Recent polls peg Chavez's popularity rating at around 40 percent, largely as a result of the popular support he enjoys among the country's poor, who make up some 60 percent of Venezuela's 25 million inhabitants.
POINT-BLANK RANGE: Reporters and camera people from several outlets say police officers in Minneapolis had fired tear gas and rubber bullets directly at them Multiple journalists on the ground in Minnesota said they were teargassed and subject to other attacks by police on Saturday evening, a day after the widely condemned arrest of a CNN reporter live on air. Los Angeles Times journalist Molly Hennessy-Fiske, who was reporting outside the Fifth Precinct in Minneapolis, said she was with a group of about a dozen journalists when the Minnesota State Patrol “fired tear gas canisters on us at point blank range.” “I was saying: ‘Where do we go?’ They did not tell us where to go. They didn’t direct us. They just fired on us,” she said
For nearly a decade, the UN Security Council has been frequently paralyzed by Russia’s obstinacy over the Syrian crisis. Today, however, it is the US-China rivalry that has infected a growing array of issues, according to officials and diplomats. As recently as 2017, an understanding between Washington and Beijing allowed the UN on three occasions — involving separate sets of economic sanctions — to project international unity in the face of the North Korean nuclear threat. Three years later, the COVID-19 pandemic has seen a ferocious competition erupt between the UN’s two main contributors, prompting UN Secretary-General Antonio Guterres on May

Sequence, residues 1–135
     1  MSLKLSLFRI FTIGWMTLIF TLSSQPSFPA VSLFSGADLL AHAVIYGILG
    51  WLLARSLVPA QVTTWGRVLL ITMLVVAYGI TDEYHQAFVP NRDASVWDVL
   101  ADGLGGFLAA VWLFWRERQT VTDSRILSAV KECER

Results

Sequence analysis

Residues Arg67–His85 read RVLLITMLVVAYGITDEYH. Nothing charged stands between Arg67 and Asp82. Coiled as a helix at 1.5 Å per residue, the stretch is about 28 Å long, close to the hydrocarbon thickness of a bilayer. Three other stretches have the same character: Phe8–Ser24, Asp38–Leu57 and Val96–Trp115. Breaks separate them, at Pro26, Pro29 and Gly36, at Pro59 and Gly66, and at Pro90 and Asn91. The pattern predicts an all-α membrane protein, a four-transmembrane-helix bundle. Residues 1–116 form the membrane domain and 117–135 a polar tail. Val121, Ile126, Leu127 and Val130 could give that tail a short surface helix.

HISTORIC FLIGHT: The astronauts named their capsule ‘Endeavour,’ after the space shuttle on which they both flew, while Elon Musk said he was overcome with emotion Two veteran NASA astronauts headed for the International Space Station (ISS) yesterday after Elon Musk’s SpaceX on Saturday became the first commercial company to launch a rocket carrying humans into orbit, ushering in a new era in space travel. SpaceX’s two-stage Falcon 9 rocket with astronauts Robert Behnken and Douglas Hurley aboard blasted off flawlessly in a cloud of bright orange flames and smoke from the Kennedy Space Center in Cape Canaveral, Florida, for a 19-hour voyage to the space station. “Let’s light this candle,” Hurley, the mission commander, told SpaceX mission control in Hawthorne, California, before liftoff at 3:22pm from NASA’s
INDIA Pride to be preserved The nation would not let its “pride be hurt” in its latest border flare-ups with China, but is determined to settle the dispute through talks, Minister of Defense Rajnath Singh said in a television interview late on Saturday. “Situations arise with China. It has happened before,” Singh said, adding that the government was striving to make sure “tension does not escalate.” The government has turned down US President Donald Trump’s offer to mediate, he said. IRAN Speaker says talks futile Newly elected Parliament Speaker Mohammad-Bagher Ghalibaf yesterday said that any negotiations with the US would be “futile.” The nation’s